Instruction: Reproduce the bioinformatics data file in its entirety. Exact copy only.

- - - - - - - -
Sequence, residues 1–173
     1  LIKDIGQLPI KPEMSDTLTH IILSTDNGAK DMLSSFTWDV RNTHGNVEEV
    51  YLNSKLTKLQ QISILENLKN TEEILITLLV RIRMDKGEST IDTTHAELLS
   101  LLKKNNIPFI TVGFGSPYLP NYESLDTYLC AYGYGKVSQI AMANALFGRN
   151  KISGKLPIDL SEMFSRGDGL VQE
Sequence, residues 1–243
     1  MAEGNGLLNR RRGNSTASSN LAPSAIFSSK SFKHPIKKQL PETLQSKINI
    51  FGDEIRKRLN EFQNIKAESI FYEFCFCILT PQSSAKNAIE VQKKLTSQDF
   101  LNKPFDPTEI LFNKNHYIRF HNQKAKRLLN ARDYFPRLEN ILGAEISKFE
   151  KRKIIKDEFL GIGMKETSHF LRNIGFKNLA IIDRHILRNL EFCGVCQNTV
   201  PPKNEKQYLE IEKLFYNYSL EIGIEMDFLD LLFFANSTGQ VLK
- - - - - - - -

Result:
Sequence, residues 1–173
     1  LIKDIGQLPI KPEMSDTLTH IILSTDNGAK DMLSSFTWDV RNTHGNVEEV
    51  YLNSKLTKLQ QISILENLKN TEEILITLLV RIRMDKGEST IDTTHAELLS
   101  LLKKNNIPFI TVGFGSPYLP NYESLDTYLC AYGYGKVSQI AMANALFGRN
   151  KISGKLPIDL SEMFSRGDGL VQE
Sequence, residues 1–243
     1  MAEGNGLLNR RRGNSTASSN LAPSAIFSSK SFKHPIKKQL PETLQSKINI
    51  FGDEIRKRLN EFQNIKAESI FYEFCFCILT PQSSAKNAIE VQKKLTSQDF
   101  LNKPFDPTEI LFNKNHYIRF HNQKAKRLLN ARDYFPRLEN ILGAEISKFE
   151  KRKIIKDEFL GIGMKETSHF LRNIGFKNLA IIDRHILRNL EFCGVCQNTV
   201  PPKNEKQYLE IEKLFYNYSL EIGIEMDFLD LLFFANSTGQ VLK